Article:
ISPs Urged to Fight Child Porn, U.S. Attorney General Alberto Gonzales says Internet service providers are being too lax. Red Herring, April 21, 2006

He also proposed mandatory government-issued labels on any "obscene" web pages. We’ve been through this argument before, several times.

Continue reading


Internet security with rivets: Metricon 1.0 is scheduled for 1 August 2006 in Vancouver, "to change security from an artistic "matter of opinion" into an objective, quantifiable science. "

Yes, but I think they should invite Bill Gibson, too; he lives there.


PS: Seen on at least three blogs run by the organizing committee.

Full Circle

Two men were just convicted of peddling drugs over the Internet. This is ironic, considering the first commerce on the ARPANET, the predecessor of the Internet, was marijuana sales.

The penalty has changed over the years, from nothing to federal convictions. And the drugs this time were prescription.

This case shows us how the Internet has opened the door to an unregulated universe from which anyone with access to a computer can purchase just about anything,” U.S. Attorney Patrick Meehan said. “It’s a dangerous way to bypass the safeguards that are in place to protect the public.”

Men convicted in international Internet drug ring Associated Press, 18 April 2006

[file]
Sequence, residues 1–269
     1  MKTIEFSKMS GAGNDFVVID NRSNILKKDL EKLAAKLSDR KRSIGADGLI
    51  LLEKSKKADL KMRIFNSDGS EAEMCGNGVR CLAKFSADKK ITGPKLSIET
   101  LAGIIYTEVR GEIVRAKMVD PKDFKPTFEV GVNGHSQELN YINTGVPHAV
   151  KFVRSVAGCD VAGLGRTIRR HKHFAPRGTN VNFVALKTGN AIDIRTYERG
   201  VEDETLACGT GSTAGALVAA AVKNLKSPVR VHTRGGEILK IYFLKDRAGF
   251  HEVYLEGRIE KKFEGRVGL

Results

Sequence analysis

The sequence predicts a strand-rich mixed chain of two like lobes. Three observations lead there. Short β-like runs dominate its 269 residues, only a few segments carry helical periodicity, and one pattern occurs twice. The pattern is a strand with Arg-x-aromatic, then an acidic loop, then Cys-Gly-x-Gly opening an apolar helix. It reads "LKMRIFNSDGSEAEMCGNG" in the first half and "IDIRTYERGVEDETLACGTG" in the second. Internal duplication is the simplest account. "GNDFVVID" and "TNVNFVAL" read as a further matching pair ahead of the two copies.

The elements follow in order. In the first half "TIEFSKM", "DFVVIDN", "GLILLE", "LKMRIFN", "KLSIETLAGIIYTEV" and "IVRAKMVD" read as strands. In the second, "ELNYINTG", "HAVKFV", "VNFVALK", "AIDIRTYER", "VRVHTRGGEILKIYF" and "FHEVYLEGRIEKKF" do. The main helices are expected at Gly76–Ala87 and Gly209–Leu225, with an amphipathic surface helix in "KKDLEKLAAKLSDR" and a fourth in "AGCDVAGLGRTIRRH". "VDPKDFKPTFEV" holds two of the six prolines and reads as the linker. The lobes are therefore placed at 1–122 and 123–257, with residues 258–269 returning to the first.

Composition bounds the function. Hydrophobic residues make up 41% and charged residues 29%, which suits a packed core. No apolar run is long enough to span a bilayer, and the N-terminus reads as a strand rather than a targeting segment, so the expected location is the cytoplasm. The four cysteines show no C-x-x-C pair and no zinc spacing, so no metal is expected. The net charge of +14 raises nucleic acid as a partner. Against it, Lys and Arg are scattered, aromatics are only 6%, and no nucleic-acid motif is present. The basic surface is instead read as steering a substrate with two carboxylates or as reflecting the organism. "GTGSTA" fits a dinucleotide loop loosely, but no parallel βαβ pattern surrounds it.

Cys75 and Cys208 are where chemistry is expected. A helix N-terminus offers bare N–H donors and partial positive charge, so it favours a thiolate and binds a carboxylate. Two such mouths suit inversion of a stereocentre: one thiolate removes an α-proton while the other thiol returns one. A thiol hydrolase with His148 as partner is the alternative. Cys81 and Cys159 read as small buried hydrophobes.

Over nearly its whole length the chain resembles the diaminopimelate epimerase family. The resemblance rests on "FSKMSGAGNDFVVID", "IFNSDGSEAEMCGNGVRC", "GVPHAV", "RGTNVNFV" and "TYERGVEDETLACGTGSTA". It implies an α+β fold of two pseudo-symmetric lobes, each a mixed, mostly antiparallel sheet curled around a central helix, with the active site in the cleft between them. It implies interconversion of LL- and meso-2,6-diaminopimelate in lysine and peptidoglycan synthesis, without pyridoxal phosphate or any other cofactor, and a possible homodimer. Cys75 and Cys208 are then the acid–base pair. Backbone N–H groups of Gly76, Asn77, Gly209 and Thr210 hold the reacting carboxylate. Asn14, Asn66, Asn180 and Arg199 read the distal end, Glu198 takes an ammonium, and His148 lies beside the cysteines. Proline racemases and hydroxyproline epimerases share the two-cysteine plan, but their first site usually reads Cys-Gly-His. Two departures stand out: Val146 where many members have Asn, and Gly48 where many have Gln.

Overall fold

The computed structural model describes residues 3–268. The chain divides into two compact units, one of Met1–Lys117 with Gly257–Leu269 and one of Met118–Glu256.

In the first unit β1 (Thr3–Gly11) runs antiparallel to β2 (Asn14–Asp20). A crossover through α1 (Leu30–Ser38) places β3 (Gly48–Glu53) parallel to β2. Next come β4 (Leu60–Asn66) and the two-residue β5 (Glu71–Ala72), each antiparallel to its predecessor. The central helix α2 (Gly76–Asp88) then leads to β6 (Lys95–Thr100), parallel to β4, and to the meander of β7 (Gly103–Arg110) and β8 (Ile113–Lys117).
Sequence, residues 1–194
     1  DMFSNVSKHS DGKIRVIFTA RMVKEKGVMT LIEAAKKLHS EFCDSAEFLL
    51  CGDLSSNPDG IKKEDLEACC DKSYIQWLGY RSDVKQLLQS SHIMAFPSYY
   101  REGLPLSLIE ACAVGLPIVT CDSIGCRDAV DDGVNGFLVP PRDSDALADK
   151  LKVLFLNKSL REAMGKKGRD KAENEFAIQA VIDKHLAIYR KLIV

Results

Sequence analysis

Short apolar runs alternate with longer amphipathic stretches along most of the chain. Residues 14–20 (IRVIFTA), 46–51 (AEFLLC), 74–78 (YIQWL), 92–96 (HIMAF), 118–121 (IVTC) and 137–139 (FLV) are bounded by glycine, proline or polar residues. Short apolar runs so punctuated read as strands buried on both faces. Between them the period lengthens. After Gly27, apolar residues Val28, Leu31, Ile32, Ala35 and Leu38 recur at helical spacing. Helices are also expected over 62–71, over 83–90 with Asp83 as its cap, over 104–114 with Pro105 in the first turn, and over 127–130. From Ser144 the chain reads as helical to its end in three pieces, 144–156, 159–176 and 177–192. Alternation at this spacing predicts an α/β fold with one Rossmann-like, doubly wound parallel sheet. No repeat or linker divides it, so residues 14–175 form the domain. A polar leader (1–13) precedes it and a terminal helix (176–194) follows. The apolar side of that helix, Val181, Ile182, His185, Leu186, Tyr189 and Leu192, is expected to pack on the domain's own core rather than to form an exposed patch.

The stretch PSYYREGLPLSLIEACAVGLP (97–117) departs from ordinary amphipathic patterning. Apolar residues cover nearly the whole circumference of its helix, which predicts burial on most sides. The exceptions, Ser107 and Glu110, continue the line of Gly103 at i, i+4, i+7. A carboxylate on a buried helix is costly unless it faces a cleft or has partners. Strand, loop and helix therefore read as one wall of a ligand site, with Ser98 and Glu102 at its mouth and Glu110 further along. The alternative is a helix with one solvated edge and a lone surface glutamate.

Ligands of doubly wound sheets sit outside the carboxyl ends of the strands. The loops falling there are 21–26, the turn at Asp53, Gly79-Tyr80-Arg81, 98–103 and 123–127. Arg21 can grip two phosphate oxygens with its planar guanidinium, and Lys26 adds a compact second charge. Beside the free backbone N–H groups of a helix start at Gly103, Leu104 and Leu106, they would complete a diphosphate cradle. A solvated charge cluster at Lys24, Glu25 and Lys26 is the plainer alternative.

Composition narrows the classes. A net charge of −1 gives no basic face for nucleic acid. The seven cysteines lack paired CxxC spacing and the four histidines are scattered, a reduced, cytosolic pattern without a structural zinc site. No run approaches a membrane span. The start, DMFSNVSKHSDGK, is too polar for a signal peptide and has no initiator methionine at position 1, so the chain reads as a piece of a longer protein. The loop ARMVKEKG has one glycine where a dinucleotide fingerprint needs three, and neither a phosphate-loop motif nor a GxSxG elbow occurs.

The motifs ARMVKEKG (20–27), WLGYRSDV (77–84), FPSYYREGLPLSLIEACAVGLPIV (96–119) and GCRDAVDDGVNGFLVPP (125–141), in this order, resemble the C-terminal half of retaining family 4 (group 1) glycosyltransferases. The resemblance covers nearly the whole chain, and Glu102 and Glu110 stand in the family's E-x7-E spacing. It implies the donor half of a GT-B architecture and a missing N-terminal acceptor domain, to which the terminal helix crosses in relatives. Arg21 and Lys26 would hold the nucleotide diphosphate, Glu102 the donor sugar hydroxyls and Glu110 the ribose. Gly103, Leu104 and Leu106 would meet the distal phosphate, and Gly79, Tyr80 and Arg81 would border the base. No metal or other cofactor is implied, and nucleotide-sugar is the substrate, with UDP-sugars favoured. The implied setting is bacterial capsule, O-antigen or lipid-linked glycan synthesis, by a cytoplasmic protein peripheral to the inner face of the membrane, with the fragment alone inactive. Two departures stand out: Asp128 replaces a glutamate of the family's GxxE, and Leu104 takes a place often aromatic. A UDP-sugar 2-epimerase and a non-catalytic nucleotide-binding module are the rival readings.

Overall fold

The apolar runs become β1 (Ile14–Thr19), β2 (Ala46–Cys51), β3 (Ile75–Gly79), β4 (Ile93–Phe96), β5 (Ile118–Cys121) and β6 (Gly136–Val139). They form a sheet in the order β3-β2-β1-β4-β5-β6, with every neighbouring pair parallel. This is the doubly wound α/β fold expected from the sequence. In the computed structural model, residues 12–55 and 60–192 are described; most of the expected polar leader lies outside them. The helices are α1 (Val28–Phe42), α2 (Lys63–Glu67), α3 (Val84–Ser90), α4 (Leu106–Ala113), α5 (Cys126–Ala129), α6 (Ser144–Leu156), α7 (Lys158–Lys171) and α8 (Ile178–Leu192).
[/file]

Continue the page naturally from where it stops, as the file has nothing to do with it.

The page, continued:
Somehow I doubt that FUD will work to fix this problem.


PS: Seen on Fergie’s Tech Blog

An Iranian Import from the U.S.

In a story about how the president of Iran couldn’t take a joke and cracked down on SMS:
The clampdown is in line with the authorities’ uncompromising stance on the internet and bloggers. Wary of modern communications as a means of spreading political dissent, Iran is second only to China in the number of websites it filters – using technology made in America.

Heard the one about the president? Robert Tait in Tehran, ndFriday April 14, 2006, The Guardian

I wonder if it’s the same U.S. technology China is using?


Decentralization for Security

John Robb cites a paper The topology of covert conflict, by Shishir Nagaraja and Ross Anderson, July 2005, and notes the ongoing decentralization of guerrila and organized crime networks and their increased attacks on the networks of the larger society. He adds: